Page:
12 Unusual Proboscis Monkey Facts - Fact Animal (2024)

Proboscis Monkey Profile

The proboscis monkey – also known as the long-nosed monkey – is one of the largest Old World monkey species found only on one southeast Asian island (Borneo).

Proboscis monkeys are diurnal (most active from late afternoon to night), omnivores, and known for their unusually long noses.

12 Unusual Proboscis Monkey Facts - Fact Animal (1)

Proboscis Monkey Facts Overview

Habitat:Mangrove forests
Lifespan:13-23 Years
Size:50 to 76.1 centimeters (around 26 to 30 inches)
Weight:16-30 kilograms (up to 50 pounds)
Diet:Leaves, seed, unripe fruit, & insects
Predators:Clouded leopards, birds of prey, snakes, monitor lizards, & crocodiles
Top Speed:24.1 km/h (or 15 mph)
No. of Species:
Conservation Status:

Proboscis monkeys are found in the forests of Borneo, typically in areas close to water.

While their diet mainly consists of young vegetation and unripe fruit, they may also eat the occasional insect or small invertebrate. Due to their habitat in the tropical forests of Southeast Asia, proboscis monkeys are endangered with a declining population.

They are known to make various vocalisations and ‘honks‘, which help communicate their status in a group. They have special honks to infants for reassurance, as well as alarm calls for threats, or anger.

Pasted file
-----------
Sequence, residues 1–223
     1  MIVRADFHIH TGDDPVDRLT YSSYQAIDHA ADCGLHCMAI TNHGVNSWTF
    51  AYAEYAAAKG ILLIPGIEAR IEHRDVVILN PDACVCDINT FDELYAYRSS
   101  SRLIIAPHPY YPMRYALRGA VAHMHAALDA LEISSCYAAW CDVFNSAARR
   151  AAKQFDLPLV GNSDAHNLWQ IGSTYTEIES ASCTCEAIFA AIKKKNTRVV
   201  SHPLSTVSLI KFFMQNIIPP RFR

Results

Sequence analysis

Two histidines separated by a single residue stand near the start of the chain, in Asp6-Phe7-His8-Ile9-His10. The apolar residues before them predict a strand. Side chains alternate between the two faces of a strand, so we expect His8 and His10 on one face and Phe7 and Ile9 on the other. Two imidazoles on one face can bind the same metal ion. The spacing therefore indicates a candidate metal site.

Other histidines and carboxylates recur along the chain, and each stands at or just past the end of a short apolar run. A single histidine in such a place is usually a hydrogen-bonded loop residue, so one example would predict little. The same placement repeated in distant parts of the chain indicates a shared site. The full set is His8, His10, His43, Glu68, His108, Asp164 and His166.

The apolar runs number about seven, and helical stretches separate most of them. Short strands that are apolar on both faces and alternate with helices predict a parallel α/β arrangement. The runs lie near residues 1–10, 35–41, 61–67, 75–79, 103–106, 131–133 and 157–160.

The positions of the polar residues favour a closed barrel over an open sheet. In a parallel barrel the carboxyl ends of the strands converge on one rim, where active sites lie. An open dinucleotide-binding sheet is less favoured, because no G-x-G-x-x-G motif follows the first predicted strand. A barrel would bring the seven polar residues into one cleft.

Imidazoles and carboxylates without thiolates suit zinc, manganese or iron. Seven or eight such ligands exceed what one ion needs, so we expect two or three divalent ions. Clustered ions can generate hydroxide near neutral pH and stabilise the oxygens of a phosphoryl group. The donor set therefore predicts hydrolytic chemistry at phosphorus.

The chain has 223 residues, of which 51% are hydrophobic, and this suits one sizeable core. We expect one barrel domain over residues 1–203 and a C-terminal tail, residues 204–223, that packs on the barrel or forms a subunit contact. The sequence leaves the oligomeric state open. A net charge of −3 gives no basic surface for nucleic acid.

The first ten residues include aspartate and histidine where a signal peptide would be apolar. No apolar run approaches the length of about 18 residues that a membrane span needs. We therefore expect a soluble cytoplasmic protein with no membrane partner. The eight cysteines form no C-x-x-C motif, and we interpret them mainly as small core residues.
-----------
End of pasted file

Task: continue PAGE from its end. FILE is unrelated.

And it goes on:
Although they spend most of their time in the treetops, they like to sleep on the thick branches growing over water. This provides them a quick escape if they were to come face to face with one of their many predators.

Proboscis monkeys know how to swim but won’t do so often – usually only when necessary, such as to cross a river or to escape from predators

Interesting Proboscis Monkey Facts

1. Proboscis monkeys are only native to one place in the world

Proboscis monkeys are what is known as an endemic species, which means they’re only native to one area in the world. 1

For the proboscis monkey, they call a single island, Borneo, in Southeast Asia home, which just so happens to be the largest island in Asia – and the third-largest in the world!2

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2. They are some of the best swimmers

…and divers!

While there are many primates known for their swimming skills, the proboscis monkey takes the cake. It makes sense that they’re some of the best swimmers in the primate family when you consider their home near freshwater. They can even swim underwater!

3. They have nine stomachs

There’s a reason that these large-nosed monkeys are known as the cows of the primate world!

Just like cattle, proboscis monkeys have a complex stomach with many chambers – although they aren’t technically ruminants. Each one of these stomachs is filled with healthy bacteria to help them digest their food. 3

4. Males and females have different noses

While proboscis monkeys may pick their friends, they don’t pick their noses. Males have long, thick noses, while females’ noses are smaller and more pointed, like a human.

This means that proboscis monkeys have what is known as sexual dimorphism (when males and females of a species look different).

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5. Proboscis monkeys change colors as they get older